The Reserve Bank of Australia will convene on Tuesday, August 7th, for its Monetary Policy Decision, more commonly known as its Interest Rate Decision. There appears to be no doubt that the central bank will keep the cash rate unchanged at its lowest ever of 0.1 percent. In a survey of 40 experts, there is a 100% forecast that the RBA will hold its interest rate. The cash rate determines the interest rate banks pay on money they borrow overnight. Like in any other business, banks pass their costs to consumers, which dictates the end user’s interest rate.
The country’s interest rates affect the value of the AUD/USD. The value of the currency indirectly changes the worth of the country’s stocks, listed on the S&P/ASX 200 (SPI200). However, if the rate decision is a forgone conclusion, why should investors care about a meeting whose outcome is already so heavily expected?
First, it’s never a foregone conclusion. Moreover, the more heavily sided expectation is, the bigger the surprise if consensus is wrong and accordingly the bigger the expected move in the opposite direction. Second, the cash rate is not the only item monetary policymakers discuss. In the Federal Reserve’s symposium at Jackson Hole, Wyoming, held between August 25 and August 27, investors focused on stimulus via the Fed’s bond-purchasing program. Also at the RBA policy meeting, officials will discuss whether it’s appropriate to begin turning off the taps on liquidity. (source: federalreserve.gov)
The RBA already took its first step to limit its quantitative easing. Central banks inject money into their economy by actually creating it to pay for bonds. The more money in the financial system, the more available and therefore cheaper is credit. On July 6, the central bank “Down Under” cut its bond-buying by 20% from AU$ 5 billion to AU$ 4 billion a week, starting September. The AUD/USD fell 0.4% from the opening price of 0.753 to the closing price of 0.748, on that day. That may not sound like a lot. However, the price kept falling, till the Aussie Dollar bottomed against the US dollar on August 22nd at 0.712, an overall decline of more than 5%.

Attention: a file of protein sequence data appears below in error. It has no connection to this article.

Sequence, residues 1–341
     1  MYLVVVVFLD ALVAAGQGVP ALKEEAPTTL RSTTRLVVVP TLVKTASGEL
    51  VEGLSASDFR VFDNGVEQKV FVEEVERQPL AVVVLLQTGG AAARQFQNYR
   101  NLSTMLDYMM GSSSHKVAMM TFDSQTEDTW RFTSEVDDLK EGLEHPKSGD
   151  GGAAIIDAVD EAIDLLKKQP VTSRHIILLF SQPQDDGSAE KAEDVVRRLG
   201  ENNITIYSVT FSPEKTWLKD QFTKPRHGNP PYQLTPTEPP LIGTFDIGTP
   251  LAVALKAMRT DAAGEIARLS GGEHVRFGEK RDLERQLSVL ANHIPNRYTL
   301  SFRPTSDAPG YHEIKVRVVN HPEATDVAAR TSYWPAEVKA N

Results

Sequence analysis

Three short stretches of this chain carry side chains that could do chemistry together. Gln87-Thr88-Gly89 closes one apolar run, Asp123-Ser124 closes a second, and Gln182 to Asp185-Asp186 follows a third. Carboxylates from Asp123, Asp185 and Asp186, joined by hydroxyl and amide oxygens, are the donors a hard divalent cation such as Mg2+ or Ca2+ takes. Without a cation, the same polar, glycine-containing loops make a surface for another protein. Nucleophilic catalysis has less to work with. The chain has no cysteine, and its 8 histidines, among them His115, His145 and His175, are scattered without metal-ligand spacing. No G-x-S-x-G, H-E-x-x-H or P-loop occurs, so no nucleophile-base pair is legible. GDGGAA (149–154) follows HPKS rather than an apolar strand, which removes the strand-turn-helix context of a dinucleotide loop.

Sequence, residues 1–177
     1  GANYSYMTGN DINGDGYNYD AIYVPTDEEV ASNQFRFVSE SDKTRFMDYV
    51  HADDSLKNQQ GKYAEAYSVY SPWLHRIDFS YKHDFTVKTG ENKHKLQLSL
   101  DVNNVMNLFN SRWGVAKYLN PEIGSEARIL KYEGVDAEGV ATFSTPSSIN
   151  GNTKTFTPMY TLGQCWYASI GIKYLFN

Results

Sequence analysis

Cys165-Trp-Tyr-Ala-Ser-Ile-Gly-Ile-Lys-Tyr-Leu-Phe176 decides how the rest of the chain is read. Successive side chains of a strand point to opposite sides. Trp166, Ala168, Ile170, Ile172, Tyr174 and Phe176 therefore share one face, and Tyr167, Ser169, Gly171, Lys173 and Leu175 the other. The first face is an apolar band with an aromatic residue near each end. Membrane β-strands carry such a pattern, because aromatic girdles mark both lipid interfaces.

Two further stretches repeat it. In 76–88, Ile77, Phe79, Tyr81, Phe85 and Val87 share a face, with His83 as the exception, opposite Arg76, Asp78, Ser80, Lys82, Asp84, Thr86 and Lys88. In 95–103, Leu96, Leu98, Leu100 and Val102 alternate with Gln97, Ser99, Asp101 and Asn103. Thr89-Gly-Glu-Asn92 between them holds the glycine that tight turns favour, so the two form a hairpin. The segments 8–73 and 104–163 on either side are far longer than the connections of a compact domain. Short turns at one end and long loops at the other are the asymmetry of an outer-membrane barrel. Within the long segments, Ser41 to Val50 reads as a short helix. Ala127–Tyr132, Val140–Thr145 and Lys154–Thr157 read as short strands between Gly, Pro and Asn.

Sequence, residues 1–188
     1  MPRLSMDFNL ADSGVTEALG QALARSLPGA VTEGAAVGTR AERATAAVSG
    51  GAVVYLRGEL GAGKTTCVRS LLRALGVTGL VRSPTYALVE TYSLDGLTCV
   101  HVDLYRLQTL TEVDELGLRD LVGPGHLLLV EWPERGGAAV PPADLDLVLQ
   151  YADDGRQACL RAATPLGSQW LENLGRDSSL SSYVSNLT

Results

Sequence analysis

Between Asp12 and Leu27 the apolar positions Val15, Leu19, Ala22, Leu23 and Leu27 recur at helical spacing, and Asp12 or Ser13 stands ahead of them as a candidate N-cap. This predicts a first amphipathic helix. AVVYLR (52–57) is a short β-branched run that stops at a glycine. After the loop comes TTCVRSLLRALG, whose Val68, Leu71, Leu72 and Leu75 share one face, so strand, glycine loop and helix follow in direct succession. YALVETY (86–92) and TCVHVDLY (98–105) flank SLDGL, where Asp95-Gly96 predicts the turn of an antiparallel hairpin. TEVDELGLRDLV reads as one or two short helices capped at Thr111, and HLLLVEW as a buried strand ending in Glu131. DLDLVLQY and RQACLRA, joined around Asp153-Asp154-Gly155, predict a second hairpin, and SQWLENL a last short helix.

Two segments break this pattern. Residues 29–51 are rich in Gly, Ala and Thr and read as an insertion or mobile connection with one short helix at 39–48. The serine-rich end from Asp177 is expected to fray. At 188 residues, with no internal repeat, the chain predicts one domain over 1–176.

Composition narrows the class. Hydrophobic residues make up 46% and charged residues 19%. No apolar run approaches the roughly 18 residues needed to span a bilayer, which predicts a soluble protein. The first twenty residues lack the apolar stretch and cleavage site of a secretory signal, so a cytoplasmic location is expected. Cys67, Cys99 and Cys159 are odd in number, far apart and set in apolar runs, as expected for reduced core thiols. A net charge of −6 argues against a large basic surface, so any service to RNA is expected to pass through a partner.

In the last week of that decline, ranging from August 16th and the opening price of 0.737 versus the USD through August 20th and the closing price of 0.714 priced against Greenback, the Aussie dollar suffered over 3% decline, making it one of the worst weeks for the currency this year.
However, the price has most likely not fallen because of the decision to pare the stimulus. A lower supply of Australian dollars should only increase the value of the currency, as a reduced supply flow should raise its price. Rather, the AUD declined because of Covid’s increasing disruption of the Australian economic recovery. In other words, it stands to reason that reducing liquidity only softened an otherwise worse blow to Australian dollar holders.
Since then, however, the price has been rebounding, nearly wiping out that decline. By September 2nd, the Australian currency reached 0.74, a 4.2% advance since the August 22nd bottom, probably due to a faster vaccine rollout.
In its August policy-decision meeting, RBA members considered delaying paring stimulus as they agreed in the July meeting, taking into account the Coronavirus’s disruption of the economic recovery. Presumably keeping to the schedule of lowering the amount of money pumped into the financial system should compound the Aussie dollar’s vaccine-induced rally. Will the bank resume tightening as originally intended, or will this measure be put on hold as was considered at last month’s meeting? (source: rba.gov.au)
David Plank, Head of Australian Economics at ANZ - one of Australia’s largest banks - thinks the RBA will delay the reduction. Will such a policy reversal weaken the Australian dollar’s rally, due to a more efficient vaccination process?
What About Australian Stocks?
On the other hand, how will Australian stocks respond to the continuation of the loosest policy on record? Let’s examine recent history. On June 15th the S&P/ASX 200 rose 0.9%, closing at a record 7,379.5 after the central bank indicated it will resume its dovish policy. Conversely, the ASX 200 index fell 0.7% to close at 7,262, after the central bank announced that it will begin paring its stimulus program. Finally, at the Aug 3rd meeting, the Reserve Bank of Australia maintained its schedule to begin paring bond purchases, and the ASX 200 closed 0.2% in the red, pushing it to 7474.5, despite a strong opening.
Therefore, all things being equal, it appears that if the RBA puts its intention to pare its stimulus on hold, the AUD may fall, but the ASX 200 might rise. Conversely, if the bank surprises and remains steadfast with reducing its bond-buying stimulus, the Aussie dollar is likely to rise, while the ASX 200 will probably fall. Finally, if the RBA really surprises and raises interest rates, we can expect extraordinary volatility, during which the AUD will almost certainly rise significantly, while the ASX 200 is most likely to decline sharply.